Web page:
FROM: Wales Online
A PIZZA delivery man is the subject of a new drama series shot entirely in South Wales.
The takeaway driver is the focus of a £100,000 project dreamed up by filmmakers James Robson and Teilo Trimble.
Robson and Trimble, who met at Newport’s International Film School of Wales nine years ago, reunited last summer to set the camera rolling on Pizzaman.
The 15-part series of short films was shot at locations across Cardiff.
“We wanted to make something that would represent Cardiff in a modern light,” said Teilo, 29.
“We wanted to give everybody an opportunity but we couldn’t pay them and it was all done voluntarily.”
James and Teilo advertised in universities, shops and community centres to find the ultimate low-budget cast.
The pair settled on 39 different parts with railway workers, administrators and hedge-cutters filling available roles. Social networking sites like Facebook and Bebo also helped locate local talent.
“We wanted to give people who were not necessarily in the industry some experience,” said James, 29
“The thought of giving the local community a route into the media is what gets me up in the morning.”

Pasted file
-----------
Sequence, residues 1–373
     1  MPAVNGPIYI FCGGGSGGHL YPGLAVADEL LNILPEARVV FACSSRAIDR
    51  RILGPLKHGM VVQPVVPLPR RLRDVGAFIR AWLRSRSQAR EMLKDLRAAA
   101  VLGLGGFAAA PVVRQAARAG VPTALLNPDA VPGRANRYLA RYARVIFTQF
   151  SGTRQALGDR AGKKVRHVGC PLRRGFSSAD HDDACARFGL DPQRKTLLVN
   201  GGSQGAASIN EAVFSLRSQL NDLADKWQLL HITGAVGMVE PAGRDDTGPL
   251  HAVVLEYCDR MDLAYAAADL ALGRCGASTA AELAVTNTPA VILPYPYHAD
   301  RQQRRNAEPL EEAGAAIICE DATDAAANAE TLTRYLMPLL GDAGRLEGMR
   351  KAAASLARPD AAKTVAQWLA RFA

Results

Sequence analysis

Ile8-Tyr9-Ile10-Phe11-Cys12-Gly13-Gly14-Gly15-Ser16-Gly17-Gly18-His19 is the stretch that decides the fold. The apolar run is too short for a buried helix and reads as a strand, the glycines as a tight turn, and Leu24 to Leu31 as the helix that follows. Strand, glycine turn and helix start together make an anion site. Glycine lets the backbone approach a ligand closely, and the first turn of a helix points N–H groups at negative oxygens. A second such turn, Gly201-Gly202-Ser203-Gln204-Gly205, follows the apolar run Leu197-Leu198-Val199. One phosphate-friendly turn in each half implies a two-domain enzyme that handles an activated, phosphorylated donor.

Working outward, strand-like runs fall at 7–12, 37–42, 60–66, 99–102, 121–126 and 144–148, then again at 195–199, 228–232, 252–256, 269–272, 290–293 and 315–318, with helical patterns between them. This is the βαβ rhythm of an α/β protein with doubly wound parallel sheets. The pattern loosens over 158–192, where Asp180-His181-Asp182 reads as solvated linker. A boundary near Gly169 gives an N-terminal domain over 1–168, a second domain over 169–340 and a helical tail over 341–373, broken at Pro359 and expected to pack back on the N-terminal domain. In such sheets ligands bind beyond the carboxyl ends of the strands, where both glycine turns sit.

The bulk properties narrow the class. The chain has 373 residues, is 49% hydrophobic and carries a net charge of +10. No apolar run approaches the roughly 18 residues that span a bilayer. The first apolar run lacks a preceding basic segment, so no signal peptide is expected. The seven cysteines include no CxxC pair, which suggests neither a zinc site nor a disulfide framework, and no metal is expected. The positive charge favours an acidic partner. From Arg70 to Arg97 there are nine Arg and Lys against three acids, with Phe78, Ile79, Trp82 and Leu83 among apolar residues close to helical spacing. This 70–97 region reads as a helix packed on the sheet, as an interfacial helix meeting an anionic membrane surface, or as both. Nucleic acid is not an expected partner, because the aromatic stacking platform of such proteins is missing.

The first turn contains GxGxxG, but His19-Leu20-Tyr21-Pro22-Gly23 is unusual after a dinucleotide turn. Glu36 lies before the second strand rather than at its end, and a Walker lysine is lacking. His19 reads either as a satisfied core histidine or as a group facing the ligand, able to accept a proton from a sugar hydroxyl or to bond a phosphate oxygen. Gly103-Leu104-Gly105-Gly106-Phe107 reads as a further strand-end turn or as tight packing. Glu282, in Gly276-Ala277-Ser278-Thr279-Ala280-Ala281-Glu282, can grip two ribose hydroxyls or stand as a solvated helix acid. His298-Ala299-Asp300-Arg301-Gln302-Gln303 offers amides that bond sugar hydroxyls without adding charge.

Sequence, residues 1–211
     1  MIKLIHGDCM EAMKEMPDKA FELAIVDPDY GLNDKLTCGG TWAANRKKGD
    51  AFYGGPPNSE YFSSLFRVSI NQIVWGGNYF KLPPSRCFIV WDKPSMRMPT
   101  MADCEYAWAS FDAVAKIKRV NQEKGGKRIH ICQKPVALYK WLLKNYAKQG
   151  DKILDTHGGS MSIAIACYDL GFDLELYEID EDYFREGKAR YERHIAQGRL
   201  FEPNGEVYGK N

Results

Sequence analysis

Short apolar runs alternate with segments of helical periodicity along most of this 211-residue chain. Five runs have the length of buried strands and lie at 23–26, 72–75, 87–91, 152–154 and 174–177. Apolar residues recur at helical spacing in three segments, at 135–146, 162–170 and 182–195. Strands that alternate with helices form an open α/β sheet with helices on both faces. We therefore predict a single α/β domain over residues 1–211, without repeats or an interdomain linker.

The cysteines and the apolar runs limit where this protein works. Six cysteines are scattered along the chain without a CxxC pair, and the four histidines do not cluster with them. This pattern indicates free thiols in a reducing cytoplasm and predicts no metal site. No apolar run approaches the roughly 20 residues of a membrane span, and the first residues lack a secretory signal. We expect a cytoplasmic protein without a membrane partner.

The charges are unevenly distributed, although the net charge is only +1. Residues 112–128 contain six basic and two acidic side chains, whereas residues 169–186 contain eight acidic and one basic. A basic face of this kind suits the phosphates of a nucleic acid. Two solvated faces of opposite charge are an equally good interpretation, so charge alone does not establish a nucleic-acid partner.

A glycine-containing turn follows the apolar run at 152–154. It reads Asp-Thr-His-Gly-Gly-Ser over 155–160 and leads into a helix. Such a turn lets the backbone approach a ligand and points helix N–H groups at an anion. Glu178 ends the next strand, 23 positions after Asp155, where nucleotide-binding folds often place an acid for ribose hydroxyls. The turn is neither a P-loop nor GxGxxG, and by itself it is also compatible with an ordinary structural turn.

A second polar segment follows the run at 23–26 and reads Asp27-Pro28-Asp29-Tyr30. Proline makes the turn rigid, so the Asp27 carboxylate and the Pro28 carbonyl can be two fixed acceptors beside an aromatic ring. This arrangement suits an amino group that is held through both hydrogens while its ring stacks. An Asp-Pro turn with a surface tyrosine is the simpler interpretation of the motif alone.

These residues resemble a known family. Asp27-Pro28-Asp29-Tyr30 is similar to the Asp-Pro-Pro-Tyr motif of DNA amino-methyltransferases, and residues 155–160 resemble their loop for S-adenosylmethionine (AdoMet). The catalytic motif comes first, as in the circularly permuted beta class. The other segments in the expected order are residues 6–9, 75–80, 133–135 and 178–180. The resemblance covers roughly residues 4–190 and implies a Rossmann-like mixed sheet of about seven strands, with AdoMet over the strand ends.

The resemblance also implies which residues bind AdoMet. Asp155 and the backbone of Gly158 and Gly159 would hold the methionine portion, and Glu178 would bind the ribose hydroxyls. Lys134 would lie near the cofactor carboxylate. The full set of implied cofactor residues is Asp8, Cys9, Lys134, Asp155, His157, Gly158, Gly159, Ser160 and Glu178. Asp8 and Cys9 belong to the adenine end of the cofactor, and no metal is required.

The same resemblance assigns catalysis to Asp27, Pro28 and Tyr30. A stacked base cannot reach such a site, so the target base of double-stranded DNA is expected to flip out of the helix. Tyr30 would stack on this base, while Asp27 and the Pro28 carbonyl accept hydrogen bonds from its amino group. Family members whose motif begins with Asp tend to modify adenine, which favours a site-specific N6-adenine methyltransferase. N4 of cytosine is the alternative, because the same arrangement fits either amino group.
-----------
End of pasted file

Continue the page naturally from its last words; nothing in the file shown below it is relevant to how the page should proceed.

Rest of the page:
The idea was spawned six years ago when James was working as a pizza delivery man in Cathays – and curious Teilo tagged along with a camera.
“I found it interesting that James was meeting all these weird and wonderful people,” said Teilo.
“You get all these momentary reactions and there was a lot of scope to get lots of actors involved.”
Pizzaman follows the trials and tribulations of a student-turned-delivery man called Taj.
“He’s stuck in a rut and trying to get out,” said James.
“He’s working to save money to go travelling like I did. We’ve drawn on our own experiences – if you didn’t it wouldn’t be real.”
With Teilo’s story – and backing from his Birchgrove-based production company Kapaw Ltd – freelance director James set about writing the script.
It took two months to complete and the series was shot over a hectic fortnight in August,” said James.
“I really wanted to give it a dynamic and every person their own story.
“Financially we took a risk but we really had to make it happen.”
The “gamble” has left James and his new wife Marlene living in his parents’ loft in Rhymney.
But crippling production costs are the least of his worries, as the team battles to cram 38 hours of footage into 90 minutes.
“Everyone I’ve shown it to is very excited and looking forward to seeing the whole series,” said Teilo.
“You don’t necessarily need a huge budget to do it, just a good idea and commitment.”
The fruits of their labours are clear to see – and pre-launch trailers have been well received. Pizzaman will launch online on July 1 next year.
Pictures: Alys Griffiths